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(Click to show. Warning: May contain spoilers.)
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Book description
Reporter Camille Preaker tries to unravel the truth of her own troubled past as she returns to her hometown to investigate the murders of two preteen girls.
Haiku summary

Amazon.com Amazon.com Review (ISBN 0307341550, Paperback)

As loyal Entertainment Weekly subscribers, we have been fans of Gillian Flynn for her smart, funny, and spot-on reviews of books, movies, and TV, but we were not prepared for her stunning debut novel Sharp Objects, a wickedly dark thriller that Stephen King calls a "relentlessly creepy family saga" and an "admirably nasty piece of work." We're calling it a cross between Twin Peaks and Secretary--sinister, sexy, and stylish. Perfect fall reading. --Daphne Durham

10 Second Interview: A Few Words with Gillian Flynn

Q: Do you prefer writing novels or reviewing?
A: I think writing is more pure--and actually a bit easier for me. It's just me and my laptop, not me and my laptop and a TV show that 30 people have worked on. Reviewing keeps you sharp--I can hardly watch or read anything without taking notes now--but plain old writing I find actually relaxing.

Q: Do think your writing is influenced more by books that you have read, or shows/movies that you have seen?
A: My mom spent her career as a reading teacher and my dad is a retired film professor, so I was really steeped in both books and movies growing up. To this day, when I get my dad on the phone, pretty much his first sentence is "Seen anything good lately?" I love putting words together (I've never met a simile I didn't like), but when I write I often think in "scenes"--I want these two people, in a dirty bar, with this song playing in the background.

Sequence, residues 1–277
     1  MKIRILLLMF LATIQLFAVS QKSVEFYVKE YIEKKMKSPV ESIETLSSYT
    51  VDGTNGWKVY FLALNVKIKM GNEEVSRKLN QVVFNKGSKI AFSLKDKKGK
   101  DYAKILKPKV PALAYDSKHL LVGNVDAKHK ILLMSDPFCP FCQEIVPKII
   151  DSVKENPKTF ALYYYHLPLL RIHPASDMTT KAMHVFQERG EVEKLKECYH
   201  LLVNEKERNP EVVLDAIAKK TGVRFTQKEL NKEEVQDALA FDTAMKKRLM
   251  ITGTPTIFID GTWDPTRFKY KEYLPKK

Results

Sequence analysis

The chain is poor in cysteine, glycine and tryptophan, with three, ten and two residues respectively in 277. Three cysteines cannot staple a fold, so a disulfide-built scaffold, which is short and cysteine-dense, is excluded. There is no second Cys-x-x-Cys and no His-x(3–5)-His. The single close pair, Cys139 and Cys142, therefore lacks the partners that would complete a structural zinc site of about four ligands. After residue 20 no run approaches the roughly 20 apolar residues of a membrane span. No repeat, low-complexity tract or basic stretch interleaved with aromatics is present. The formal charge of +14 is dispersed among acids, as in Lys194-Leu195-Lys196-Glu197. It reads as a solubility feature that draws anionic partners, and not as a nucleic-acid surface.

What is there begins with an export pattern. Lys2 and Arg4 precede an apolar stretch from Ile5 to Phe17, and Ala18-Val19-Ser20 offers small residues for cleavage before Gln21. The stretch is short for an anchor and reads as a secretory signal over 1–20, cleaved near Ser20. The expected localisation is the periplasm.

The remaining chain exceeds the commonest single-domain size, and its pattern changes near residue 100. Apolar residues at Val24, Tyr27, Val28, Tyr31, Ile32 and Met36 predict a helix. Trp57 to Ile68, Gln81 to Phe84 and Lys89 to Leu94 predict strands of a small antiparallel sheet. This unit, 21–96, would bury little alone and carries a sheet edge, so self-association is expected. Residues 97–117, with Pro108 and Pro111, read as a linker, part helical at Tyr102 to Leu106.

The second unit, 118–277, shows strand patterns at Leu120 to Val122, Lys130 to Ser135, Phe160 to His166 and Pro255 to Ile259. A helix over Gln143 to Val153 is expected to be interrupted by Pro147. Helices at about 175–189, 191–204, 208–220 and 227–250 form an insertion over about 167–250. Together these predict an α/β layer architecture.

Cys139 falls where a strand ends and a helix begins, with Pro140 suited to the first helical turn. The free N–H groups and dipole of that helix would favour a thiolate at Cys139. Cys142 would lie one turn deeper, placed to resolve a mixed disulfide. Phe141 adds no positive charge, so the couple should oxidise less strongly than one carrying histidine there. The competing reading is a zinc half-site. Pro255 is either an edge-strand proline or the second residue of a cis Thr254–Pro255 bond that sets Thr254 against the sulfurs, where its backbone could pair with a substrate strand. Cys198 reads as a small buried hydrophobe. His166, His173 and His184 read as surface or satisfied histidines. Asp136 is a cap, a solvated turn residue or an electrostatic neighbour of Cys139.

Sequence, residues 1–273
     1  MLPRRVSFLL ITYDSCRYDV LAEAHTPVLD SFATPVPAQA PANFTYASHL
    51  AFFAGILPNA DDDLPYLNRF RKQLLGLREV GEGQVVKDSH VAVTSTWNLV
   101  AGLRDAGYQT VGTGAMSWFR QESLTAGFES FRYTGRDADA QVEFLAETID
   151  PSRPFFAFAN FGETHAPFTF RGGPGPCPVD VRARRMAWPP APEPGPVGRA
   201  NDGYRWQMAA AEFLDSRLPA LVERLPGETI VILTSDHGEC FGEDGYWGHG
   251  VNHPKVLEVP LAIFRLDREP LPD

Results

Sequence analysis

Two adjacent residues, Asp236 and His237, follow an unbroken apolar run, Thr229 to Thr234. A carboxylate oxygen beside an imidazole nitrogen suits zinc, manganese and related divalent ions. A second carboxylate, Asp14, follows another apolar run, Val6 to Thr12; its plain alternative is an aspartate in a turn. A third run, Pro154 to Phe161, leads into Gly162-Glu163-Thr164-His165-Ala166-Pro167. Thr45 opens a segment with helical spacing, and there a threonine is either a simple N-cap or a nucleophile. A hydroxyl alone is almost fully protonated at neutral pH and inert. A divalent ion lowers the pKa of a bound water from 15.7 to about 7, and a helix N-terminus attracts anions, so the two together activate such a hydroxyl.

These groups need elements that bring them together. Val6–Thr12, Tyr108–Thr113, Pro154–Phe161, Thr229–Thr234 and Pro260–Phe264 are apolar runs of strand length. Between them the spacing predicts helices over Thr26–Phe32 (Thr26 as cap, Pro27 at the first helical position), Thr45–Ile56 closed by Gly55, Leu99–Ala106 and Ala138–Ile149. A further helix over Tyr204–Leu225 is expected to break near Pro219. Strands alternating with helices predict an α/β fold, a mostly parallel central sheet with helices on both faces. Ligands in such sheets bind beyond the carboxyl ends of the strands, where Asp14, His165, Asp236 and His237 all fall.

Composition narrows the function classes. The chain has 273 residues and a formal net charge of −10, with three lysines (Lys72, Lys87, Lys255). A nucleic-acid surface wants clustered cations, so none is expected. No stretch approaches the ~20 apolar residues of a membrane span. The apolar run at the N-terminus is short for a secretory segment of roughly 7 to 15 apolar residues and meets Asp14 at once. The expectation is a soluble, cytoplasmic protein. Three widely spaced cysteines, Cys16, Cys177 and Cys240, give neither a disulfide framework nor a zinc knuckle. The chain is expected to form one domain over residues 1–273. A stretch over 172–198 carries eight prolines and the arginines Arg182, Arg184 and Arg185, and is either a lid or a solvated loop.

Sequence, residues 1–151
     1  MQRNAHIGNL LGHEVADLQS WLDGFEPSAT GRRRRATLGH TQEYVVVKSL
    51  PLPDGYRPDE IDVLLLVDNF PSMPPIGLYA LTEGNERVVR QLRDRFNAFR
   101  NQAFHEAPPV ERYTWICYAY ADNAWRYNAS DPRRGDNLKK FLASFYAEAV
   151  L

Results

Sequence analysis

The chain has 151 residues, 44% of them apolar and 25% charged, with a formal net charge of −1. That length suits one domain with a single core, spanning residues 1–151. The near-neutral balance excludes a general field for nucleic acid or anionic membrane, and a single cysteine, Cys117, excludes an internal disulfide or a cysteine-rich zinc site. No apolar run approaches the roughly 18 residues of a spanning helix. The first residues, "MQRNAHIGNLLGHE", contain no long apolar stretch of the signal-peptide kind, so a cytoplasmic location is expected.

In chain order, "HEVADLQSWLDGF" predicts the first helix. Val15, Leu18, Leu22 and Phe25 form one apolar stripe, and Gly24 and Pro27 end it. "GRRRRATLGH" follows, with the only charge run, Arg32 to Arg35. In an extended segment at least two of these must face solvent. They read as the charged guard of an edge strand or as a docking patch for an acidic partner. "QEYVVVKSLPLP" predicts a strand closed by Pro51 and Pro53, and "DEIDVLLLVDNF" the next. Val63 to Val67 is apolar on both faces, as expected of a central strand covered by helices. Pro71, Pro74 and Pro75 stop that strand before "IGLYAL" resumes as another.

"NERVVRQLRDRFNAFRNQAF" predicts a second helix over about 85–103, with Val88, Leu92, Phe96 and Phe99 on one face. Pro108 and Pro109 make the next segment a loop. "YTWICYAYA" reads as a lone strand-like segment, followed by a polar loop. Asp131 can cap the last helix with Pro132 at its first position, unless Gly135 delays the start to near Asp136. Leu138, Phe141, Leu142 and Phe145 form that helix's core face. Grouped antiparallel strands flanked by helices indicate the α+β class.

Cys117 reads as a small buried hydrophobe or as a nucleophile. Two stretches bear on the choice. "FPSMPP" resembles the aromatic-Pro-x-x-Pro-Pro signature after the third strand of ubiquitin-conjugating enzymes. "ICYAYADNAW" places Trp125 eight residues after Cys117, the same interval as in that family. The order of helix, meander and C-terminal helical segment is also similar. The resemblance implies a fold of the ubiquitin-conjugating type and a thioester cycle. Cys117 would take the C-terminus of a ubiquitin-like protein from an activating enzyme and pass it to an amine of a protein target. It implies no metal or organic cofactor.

Q: I hear you are working on your second book...is it is too early to ask what it's about?
A: I'm still playing around with the whole plot--when I wrote Sharp Objects, I wasn't even sure who the killer was for a bit. But I can say [the new book] has to do with family loyalty, false memories, a wrenching murder trial, and a dash of good 'ole 1980s hair metal and devil worship.

Q: What is your writing process like? Have you changed anything about how you work since your first book?
A: My writing process is incredibly inefficient, and hasn't changed between books. I really don't outline: I know basically how I want the story to start, and vaguely how I want it to end (though like I said, with Sharp Objects even that changed!). Then I just write: Some characters I start finding more interesting, some less. I write entire swaths that I pretty much know I'll cut. I have an entire file of "deleted scenes." I guess the one thing that has physically changed is I moved into a new place since my first book--it has a great bathtub, and I'll prop my laptop up and write in the bath for hours. Which is, admittedly, weird.

(retrieved from Amazon Thu, 12 Mar 2015 18:23:01 -0400)

(see all 3 descriptions)

Returning to her hometown after an eight-year absence and a short stay at a psychiatric hospital to investigate the murders of two girls, reporter Camille Preaker is reunited with her neurotic mother and enigmatic, thirteen-year-old half-sister as she works to uncover the truth about the killings.… (more)

(summary from another edition)

» see all 7 descriptions